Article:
Bases loaded, bottom of the ninth, two outs, one ball, two strikes. At this point, it could be anyone’s game. Little League bragging rights are on the line. It’s just one 11-year-old catcher at bat, the pitcher’s on the mound, home plate is dusted off and the masked man in blue says play ball. This could be the year the Mets finally hit a homer out of the park to take the title home. The crowd grows quiet, the sun dips a little lower.

The pitcher winds up. Curveball.


“Strrrrike three!” The umpire shouts, his hammer arm whipping the wind, punching upward in one fell swoop, leaving nothing but a fist in the air. His signature trilled strike “rrrr” sound bounces off the batting cage, creating an echo into the stands. “You’re out!”

“But Grandpa!” the boy says. He turns around and shuffles back to the dugout, one foot in front of the other, shoelaces drooping over cleats, leaving a tiny, crooked trail in the dusty diamond.

The first time my husband Jeffrey shared this story from his childhood it was Illumination Night years ago. We were inside his family Camp Ground house, which sits in the narrow circle of homes in the heart of Cottage City. To all who pass by, the Brown family gingerbread house fits in perfectly with the pink and yellow and ocean blue cottages.

The house belongs to his grandfather, the umpire, the late Richard C. Brown and his wife Carolyn.

Inside the cottage, the Brown family history is told in pictures on the wall, some framed professionally, some taped to the side of the refrigerator. Newspaper clippings and random Camp Ground flyers from the 1990s (“nobody knows how or why they got there”) are scattered throughout bookshelves and on tables and on chairs.

Each photograph tells a different story. Some are of family members my husband barely recognizes; others are pictures he’ll never forget, like the one of his grandfather, the old man in blue in action, mask on the top of his head, grinning ear to ear.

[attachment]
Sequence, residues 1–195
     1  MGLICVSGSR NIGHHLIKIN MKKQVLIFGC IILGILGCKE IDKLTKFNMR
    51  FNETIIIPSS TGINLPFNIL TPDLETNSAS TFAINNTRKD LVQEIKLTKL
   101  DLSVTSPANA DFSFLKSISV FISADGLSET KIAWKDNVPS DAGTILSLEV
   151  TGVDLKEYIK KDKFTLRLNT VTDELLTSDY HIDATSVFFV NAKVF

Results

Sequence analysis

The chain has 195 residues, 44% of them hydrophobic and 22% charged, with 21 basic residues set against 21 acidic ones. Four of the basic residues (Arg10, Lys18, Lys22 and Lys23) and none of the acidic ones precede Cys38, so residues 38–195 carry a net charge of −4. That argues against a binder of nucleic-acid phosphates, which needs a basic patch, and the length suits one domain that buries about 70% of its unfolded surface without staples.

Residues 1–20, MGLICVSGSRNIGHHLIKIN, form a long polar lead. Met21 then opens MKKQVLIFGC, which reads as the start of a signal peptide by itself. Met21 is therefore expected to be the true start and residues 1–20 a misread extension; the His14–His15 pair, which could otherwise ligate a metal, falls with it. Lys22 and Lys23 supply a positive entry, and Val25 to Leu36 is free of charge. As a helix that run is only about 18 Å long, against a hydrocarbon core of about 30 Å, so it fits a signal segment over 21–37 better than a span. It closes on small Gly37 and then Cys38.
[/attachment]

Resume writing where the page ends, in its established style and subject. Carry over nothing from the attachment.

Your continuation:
“That was my Grandpa,” Jeffrey said in telling the baseball story that year. “He always made you tuck in your shirt when you went up to bat and he was always fair, never cutting me any slack because I was his grandson!”

Mr. Brown had a gift for somehow weaving Little League, ice cream and church into almost every story he told. This was Island history at its best.

For my second Illumination Night at the cottage, he told me the story of how he built the original Dairy Queen in Edgartown in 1967. There were other pictures, other stories. There was the year the Methodist parish at the Old Whaling Church couldn’t meet at the church because the chimney fell through the ceiling, and Mr. Brown opened up the Dairy Queen for the congregation to meet. Or the year (1987) when he sold the place, and it was rumored that the buyers were negotiating with a — gasp — Burger King.

Jeffrey and I share memories of sipping water and apple juice from paper Dixie cups with his grandparents. We would watch kids flutter about the lawn like fireflies outside, posing for pictures, launching glow sticks in the air like fly balls and pointing to lanterns hanging from familiar hooks that for one night gave Oak Bluffs a fairyland glow. While most people are outside on this special night, we usually spent the majority of the night inside, passing sleeves of snacks bought from the cookie aisle at Reliable Market and hearing stories of the past, amplified by pictures on the wall.

Last November, Mr. Brown died, one month shy of his 98th birthday. At his funeral Jeffrey’s mother brought about 50 photographs to the Whaling Church basement and put them on display. After the service, people pointed to the pictures and shared stories, just like Mr. Brown used to do.

This week Mrs. Brown called me on my cell phone for the first time ever to tell me she had by chance opened up her scrapbook that morning and found an article from a 2011 Vineyard Gazette with her picture. “I just wanted to share that with you because I thought it was such a lovely thing,” she said.

When I got to work, I looked for the article and there it was — a story and a picture of her on the porch next to her favorite lantern, a paper one that’s yellow and red and reads: God Bless All Who Pass By.

I suggested that she bring the clipping to the cottage this year. We could put it in a frame and hang it up together.

Or perhaps I could throw her a curveball and bring my own copy to share.